The joys of visiting BMW Welt and Museum
MUNICH—Mention a trip to a museum for any car guy, and they might grimace at the thought of going through seemingly boring stuff long forgotten. Well, part of enjoying and understanding a particular car brand is in fact knowing about their history as well as their future plans.
The BMW Welt and Museum are two separate buildings, situated in the BMW Group Center’s sprawling complex and is a perfect place to spend an entire day. There is also the famous BMW ‘Four Cylinder’ building which is the brand’s global headquarters, plus the various factories and warehouses for BMW. It’s located right beside the Munich Olympic Village, which to this day is used extensively by
German athletes, it’s a nice leisurely area where one can stroll through the massive parks that connect both complexes, ride a bicycle or enjoy a picnic with friends. Access is easy, via bus and subway (Olympiapark Station) which interestingly, is sort of an honesty-system: you can buy a 3-day pass for use on the subway, tram and bus without anyone actually ever checking your ticket. From BMW Welt & Museum, you can hop onto the subway to see Marianeplatz, the old city center of Munich which is the seat of Bavaria.
BMW Welt (world in German) is housed in an ultra-modern looking high-ceiling building that has an inter-active display where guests can view, get in and in some cases try-out the latest BMW Group products which include BMW automobiles, motorcycles (motorrad in German), and of course MINI and Rolls-Royce products.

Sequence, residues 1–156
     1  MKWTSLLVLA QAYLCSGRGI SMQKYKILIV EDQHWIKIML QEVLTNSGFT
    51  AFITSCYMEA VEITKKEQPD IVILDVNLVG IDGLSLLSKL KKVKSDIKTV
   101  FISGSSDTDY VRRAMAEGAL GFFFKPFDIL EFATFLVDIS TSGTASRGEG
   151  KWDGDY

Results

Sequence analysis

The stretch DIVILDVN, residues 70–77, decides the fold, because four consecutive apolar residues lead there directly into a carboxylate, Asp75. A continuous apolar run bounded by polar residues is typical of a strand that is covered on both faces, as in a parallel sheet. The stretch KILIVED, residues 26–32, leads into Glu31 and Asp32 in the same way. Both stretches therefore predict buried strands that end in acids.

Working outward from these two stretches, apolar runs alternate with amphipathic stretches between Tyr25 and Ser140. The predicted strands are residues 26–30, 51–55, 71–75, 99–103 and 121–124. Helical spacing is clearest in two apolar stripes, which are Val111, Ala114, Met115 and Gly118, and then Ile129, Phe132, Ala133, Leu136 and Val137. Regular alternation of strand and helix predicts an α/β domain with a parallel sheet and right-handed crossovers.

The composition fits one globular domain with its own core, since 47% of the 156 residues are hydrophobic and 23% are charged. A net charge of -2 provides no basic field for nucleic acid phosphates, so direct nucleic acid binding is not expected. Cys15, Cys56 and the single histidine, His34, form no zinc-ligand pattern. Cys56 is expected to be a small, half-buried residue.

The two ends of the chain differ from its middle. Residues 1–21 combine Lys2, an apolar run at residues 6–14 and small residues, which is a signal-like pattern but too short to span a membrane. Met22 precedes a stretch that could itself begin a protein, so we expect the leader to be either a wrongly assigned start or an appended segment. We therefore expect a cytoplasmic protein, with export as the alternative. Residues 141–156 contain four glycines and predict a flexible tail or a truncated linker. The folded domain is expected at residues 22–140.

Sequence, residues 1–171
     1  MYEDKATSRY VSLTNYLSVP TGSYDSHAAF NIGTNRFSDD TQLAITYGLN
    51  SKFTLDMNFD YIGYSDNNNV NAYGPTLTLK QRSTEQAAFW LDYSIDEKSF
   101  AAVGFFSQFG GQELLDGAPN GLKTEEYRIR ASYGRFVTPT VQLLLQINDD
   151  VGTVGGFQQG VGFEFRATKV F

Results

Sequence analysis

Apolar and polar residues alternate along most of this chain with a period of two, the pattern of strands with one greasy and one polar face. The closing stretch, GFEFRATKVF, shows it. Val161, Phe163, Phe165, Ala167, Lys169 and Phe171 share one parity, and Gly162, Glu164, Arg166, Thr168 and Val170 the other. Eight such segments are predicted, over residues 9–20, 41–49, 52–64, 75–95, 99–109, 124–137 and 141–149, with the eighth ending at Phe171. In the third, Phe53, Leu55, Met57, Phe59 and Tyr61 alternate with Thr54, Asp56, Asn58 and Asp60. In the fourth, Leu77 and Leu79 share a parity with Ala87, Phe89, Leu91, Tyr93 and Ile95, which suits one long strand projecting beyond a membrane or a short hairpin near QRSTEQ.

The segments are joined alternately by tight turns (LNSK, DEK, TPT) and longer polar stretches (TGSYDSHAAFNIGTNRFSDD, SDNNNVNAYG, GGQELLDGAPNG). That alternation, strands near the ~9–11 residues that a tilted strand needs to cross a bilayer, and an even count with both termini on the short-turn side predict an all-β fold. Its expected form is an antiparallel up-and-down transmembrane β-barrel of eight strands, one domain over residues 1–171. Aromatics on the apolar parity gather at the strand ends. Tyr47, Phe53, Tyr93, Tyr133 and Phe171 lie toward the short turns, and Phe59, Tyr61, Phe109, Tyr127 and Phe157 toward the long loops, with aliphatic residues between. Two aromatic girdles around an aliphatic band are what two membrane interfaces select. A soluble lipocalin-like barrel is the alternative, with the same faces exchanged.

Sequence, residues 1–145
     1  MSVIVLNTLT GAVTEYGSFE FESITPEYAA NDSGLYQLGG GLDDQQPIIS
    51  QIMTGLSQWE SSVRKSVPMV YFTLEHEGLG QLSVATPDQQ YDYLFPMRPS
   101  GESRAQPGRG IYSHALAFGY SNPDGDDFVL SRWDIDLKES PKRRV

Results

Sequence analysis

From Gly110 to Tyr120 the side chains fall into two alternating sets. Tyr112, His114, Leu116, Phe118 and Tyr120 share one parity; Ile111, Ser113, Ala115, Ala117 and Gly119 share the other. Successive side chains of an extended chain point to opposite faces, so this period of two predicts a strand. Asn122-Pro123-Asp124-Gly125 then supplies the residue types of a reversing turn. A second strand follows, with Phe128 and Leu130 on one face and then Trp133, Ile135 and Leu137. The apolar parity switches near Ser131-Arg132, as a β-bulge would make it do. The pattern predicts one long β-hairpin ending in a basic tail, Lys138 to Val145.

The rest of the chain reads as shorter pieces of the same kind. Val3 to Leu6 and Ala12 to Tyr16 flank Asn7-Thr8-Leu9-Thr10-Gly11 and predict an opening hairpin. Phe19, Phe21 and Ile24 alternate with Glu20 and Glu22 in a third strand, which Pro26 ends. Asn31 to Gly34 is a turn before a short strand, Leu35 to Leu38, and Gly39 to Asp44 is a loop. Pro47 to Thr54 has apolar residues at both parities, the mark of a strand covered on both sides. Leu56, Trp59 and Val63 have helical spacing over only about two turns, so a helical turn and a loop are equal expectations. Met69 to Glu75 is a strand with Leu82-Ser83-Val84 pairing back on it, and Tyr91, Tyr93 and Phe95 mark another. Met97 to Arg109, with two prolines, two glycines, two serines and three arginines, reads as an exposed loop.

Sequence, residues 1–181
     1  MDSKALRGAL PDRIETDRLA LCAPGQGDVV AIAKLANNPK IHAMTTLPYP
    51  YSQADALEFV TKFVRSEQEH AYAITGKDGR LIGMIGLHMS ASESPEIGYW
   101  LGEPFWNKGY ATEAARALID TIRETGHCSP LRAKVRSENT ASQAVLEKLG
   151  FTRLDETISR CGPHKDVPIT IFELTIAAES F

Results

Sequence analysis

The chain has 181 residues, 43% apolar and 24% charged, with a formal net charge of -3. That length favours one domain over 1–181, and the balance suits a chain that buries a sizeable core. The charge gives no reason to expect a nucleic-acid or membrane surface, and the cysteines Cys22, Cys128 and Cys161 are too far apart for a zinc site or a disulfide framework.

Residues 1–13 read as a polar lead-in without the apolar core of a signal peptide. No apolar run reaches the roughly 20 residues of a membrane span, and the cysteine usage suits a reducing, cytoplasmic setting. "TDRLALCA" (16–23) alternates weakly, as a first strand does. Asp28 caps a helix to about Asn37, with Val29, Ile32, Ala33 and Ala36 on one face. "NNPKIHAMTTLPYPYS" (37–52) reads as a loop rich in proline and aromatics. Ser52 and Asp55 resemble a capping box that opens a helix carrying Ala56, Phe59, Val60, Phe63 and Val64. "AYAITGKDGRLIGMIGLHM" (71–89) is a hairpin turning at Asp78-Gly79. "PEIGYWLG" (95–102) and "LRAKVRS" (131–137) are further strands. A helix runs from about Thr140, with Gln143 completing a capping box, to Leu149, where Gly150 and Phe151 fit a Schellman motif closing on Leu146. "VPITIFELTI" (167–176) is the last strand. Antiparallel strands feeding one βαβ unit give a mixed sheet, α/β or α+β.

Entrance is free, and you can schedule a short test drive on the building’s massive atrium where the current line-up is on display. The vehicles on focus when I went were the all-new 3-Series, the all-new Z4 and the BMW 8-Series coupes and convertibles. If you (temporarily) get tired of the cars, there are two restaurants inside the building, a café and a fine-dining resto to feed your hunger. And of course, there’s a massive gift shop where you can buy BMW lifestyle products at discounted rates, from clothes, bags, sports accessories (BMW sponsors golf and sailing, as an example) riding gear for BMW Motorrad, BMW themed home décor and die-cast toys.
BMW Welt also plays host to numerous social events in and around Munich, especially on Sundays as the BMW Welt is one of the few establishments open on the weekend.
After the BMW Welt, you take an elevated pedestrian pathwalk over to the other side of the street, and find yourself at the patio of the BMW Museum. The museum, just like any other museum, houses the brand’s most important models that helped shape the company. From the earliest automobiles, to motorcycles, race cars and even a few boat and aircraft engines. Here, entrance is 10 Euros, or 24 Euros for a family with two children. While BMW Welt is a massive sprawling layout with two entrances from which you can start from, BMW Museum has a proper start/finish, and the maze-like layout holds lots of surprises. The building’s size is deceiving as it doesn’t look massive, but a big part is actually underground, so you will spend a good amount of time exploring every nook and cranny of the Museum, hoping to unearth some hidden gem. My favorite here was the F1 display which featured two Formula 1 cars from the late 80’s and the brand’s most recent foray into top-tier Grand Prix racing.
The overall experience isn’t just for car guys, but for motorcycle fans too. The motorrad display is massive, and the sheer number of important and technologically pioneering BMW Motorrad models was surprisingly large as well.
Should you ever find yourself in Munich, a visit to the BMW Welt and Museum is a must. Even if you’re not a BMW fan, or if you just have a passing interest in cars, both places are a must-see attraction. Afterwards, you can, as mentioned earlier stroll through the park encompassing both the BMW Group Center and OlympicVillage.
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